If you are starting lessons, try to take your baby along to the pool before the first session. Spend time on the side getting them used to the noises, colours, splashing and general hubbub of the pool environment - these will all be much louder than at home! When you get in the pool for the first time, smile and talk to your baby – show them by example that it’s safe and fun! Maybe take along their favourite bath toys - the familiarity of those toys will give your baby a feeling of safety in the new setting and can make the first transition from the bath to the pool much smoother.

It’s really important that you are calm and positive as they’ll take their cues from you. Get your shoulders under the water and hold your baby so the water covers their chests. Through the session, try alternating between holding them very close, with lots of reassuring skin-to-skin contact, then at arm’s length when you are feeling confident so they can move freely and feel a bit more independent.

Babies tire easily in the water, so keep your first visit to around 20-30 minutes and keep them warm. Afterwards, they may be hungry and ready for a relaxing sleep – definitely an added bonus to a successful trip!


What should I take to baby swimming lessons?

This is an easy one for us to answer at Konfidence!  First and foremost, you need to be prepared for little accidents, and most swim schools will specify a double nappy system – we would recommend our swim-school approved Splashy™ Nappy (which is uniquely made from our e-Flex™ material) is worn over our reusable Splashy AquaNappy™. Plus, by choosing our Splashy™ swim nappies, which are both made from recycled materials, you will also be doing your bit for the environment, as they are the most environmentally-friendly swim nappy duo available on the market!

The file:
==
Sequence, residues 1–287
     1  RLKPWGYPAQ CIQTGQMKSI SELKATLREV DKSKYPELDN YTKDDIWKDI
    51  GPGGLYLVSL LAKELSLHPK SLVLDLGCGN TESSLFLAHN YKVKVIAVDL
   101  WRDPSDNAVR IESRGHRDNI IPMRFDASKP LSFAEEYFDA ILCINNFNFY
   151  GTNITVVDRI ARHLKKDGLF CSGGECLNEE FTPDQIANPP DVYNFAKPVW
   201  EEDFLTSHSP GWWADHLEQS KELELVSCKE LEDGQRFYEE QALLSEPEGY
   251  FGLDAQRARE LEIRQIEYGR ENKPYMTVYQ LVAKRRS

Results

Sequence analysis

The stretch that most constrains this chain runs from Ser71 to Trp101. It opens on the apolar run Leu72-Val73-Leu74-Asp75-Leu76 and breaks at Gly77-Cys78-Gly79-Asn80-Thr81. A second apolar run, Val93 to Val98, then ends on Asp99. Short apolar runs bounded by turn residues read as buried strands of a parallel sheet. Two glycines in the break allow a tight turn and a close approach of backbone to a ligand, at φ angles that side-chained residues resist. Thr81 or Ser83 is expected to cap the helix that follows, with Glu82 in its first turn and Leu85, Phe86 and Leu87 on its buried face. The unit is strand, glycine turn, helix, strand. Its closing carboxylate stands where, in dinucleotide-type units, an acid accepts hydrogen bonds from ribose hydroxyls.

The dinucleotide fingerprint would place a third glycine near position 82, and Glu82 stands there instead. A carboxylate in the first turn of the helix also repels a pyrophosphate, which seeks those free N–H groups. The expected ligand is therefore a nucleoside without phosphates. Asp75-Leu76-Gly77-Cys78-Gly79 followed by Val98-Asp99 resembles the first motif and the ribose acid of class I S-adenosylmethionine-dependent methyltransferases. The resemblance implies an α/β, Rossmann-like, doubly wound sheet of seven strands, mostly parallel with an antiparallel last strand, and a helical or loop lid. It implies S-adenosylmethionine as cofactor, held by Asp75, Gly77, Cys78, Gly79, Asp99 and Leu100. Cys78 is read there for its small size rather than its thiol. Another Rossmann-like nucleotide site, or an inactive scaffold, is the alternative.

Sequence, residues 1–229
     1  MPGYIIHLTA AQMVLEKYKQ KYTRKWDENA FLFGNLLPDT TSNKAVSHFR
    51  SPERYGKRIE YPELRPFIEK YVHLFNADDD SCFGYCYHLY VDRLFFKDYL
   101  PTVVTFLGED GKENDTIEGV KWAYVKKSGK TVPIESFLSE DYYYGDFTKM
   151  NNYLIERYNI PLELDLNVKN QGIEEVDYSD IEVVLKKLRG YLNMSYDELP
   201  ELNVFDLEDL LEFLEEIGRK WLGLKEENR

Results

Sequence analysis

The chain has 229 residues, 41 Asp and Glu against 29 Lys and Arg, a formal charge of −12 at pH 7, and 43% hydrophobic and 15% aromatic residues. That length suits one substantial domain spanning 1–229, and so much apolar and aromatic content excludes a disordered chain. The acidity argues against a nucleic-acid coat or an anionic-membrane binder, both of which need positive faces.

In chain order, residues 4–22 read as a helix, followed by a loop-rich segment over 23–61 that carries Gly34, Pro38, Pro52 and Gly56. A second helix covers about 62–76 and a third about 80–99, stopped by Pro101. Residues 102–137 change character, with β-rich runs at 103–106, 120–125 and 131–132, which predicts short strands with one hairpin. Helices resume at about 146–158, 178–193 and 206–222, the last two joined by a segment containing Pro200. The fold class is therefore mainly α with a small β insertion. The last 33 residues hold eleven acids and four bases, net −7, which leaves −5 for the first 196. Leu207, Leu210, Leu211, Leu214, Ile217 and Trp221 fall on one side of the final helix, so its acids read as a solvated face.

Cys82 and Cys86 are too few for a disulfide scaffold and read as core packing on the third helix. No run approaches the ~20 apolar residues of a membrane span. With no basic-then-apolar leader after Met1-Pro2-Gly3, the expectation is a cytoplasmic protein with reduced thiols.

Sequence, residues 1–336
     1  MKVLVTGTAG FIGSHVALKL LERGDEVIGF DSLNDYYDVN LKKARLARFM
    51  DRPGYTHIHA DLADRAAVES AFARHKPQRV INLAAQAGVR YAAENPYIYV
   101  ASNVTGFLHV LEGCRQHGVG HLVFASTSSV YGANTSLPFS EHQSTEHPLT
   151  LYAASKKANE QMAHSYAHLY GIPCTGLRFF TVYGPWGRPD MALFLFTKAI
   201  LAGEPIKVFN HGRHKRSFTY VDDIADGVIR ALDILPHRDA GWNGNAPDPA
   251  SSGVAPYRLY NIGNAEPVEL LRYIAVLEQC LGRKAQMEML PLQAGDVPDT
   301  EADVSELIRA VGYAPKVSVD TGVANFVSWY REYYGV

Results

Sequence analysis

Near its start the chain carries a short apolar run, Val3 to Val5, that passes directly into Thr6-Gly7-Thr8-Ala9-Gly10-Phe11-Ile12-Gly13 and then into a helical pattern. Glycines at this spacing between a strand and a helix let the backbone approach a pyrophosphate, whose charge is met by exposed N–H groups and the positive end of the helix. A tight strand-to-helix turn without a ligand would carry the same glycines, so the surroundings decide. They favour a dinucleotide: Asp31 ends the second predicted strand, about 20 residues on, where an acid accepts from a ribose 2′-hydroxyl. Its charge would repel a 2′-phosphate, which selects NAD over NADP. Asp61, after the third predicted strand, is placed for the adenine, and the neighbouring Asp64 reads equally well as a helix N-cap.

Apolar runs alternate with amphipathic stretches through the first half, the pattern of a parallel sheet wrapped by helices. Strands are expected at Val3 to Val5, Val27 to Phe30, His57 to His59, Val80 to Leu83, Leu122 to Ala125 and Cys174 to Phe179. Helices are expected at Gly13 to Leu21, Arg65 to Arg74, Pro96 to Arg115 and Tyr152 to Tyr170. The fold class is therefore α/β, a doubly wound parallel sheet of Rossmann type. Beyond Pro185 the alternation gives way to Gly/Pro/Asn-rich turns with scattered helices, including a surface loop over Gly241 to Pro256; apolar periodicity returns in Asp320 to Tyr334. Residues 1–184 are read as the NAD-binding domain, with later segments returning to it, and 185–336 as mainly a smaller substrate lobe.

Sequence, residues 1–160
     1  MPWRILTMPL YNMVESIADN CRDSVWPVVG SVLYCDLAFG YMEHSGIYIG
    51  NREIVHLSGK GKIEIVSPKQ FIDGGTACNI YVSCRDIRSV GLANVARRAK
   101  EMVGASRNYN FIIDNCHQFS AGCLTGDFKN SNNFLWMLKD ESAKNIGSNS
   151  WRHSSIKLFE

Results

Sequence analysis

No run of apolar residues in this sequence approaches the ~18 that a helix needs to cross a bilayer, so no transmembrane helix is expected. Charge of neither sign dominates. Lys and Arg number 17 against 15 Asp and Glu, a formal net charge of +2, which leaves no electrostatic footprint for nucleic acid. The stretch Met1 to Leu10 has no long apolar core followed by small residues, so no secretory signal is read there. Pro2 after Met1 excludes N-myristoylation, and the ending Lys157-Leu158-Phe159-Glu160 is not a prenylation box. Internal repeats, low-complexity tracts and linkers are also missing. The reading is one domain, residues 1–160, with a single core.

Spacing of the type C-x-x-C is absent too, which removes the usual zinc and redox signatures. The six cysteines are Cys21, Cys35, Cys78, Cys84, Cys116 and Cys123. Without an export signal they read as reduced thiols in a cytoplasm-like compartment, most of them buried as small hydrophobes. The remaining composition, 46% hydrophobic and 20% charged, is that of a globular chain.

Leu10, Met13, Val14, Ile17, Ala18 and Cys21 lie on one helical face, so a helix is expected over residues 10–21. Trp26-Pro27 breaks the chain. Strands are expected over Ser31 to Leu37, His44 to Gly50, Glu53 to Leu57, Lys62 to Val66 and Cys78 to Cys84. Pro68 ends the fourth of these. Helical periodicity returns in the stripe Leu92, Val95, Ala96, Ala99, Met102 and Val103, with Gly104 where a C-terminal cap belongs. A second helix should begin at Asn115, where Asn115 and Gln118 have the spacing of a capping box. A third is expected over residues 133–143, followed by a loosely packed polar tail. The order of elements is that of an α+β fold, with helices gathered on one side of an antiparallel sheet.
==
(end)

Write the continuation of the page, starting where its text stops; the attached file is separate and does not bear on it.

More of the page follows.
Next if you are unsure of water temperatures, particularly in public pools, you should look at our multi-award-winning Splashy™ Swimsuit made from e-Flex™, which we created in collaboration with swim schools and parents to help keep babies aged from 3 months toasty warm in the pool for longer. Water temperatures should be no less than 30 degrees for baby swimming.

Another very useful item to take is one of our Splashy™ Roll & Go Changer Mats. The changers, which are chlorine resistant, provide a comfortable and secure surface for babies to lie in the changing room or on poolside when you are getting in to the water.

And of course, you will need towels - Kaylë recommends you take three, one for you and two for your baby – toiletries and a healthy snack and drink for afterwards.

Any other advice Kaylë?

Have fun and enjoy the special bonding time between you and your baby.

To celebrate Baby Week, which runs from the 14th – 20th November, we are also running a special baby swimming offer. With every Splashy™ Swimsuit purchased at, you will be able to get a 40% discount on all our baby swimming essentials, including the Splashy™ Nappy, Splash AquaNappy™ and Splashy™ Roll & Go Baby Changer.